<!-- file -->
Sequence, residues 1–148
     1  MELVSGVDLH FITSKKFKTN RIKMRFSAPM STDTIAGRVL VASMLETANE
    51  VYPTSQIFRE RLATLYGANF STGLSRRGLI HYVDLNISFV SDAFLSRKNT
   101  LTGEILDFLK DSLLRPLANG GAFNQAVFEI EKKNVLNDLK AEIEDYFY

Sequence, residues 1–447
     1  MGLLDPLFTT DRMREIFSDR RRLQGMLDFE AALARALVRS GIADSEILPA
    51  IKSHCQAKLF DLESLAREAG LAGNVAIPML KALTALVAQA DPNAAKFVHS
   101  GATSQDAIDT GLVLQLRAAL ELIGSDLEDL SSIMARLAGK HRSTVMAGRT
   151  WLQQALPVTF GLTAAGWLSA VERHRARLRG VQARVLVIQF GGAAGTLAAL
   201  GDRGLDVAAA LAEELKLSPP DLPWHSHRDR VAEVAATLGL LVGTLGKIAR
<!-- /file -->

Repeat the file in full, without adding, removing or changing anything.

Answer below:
Sequence, residues 1–148
     1  MELVSGVDLH FITSKKFKTN RIKMRFSAPM STDTIAGRVL VASMLETANE
    51  VYPTSQIFRE RLATLYGANF STGLSRRGLI HYVDLNISFV SDAFLSRKNT
   101  LTGEILDFLK DSLLRPLANG GAFNQAVFEI EKKNVLNDLK AEIEDYFY

Sequence, residues 1–447
     1  MGLLDPLFTT DRMREIFSDR RRLQGMLDFE AALARALVRS GIADSEILPA
    51  IKSHCQAKLF DLESLAREAG LAGNVAIPML KALTALVAQA DPNAAKFVHS
   101  GATSQDAIDT GLVLQLRAAL ELIGSDLEDL SSIMARLAGK HRSTVMAGRT
   151  WLQQALPVTF GLTAAGWLSA VERHRARLRG VQARVLVIQF GGAAGTLAAL
   201  GDRGLDVAAA LAEELKLSPP DLPWHSHRDR VAEVAATLGL LVGTLGKIAR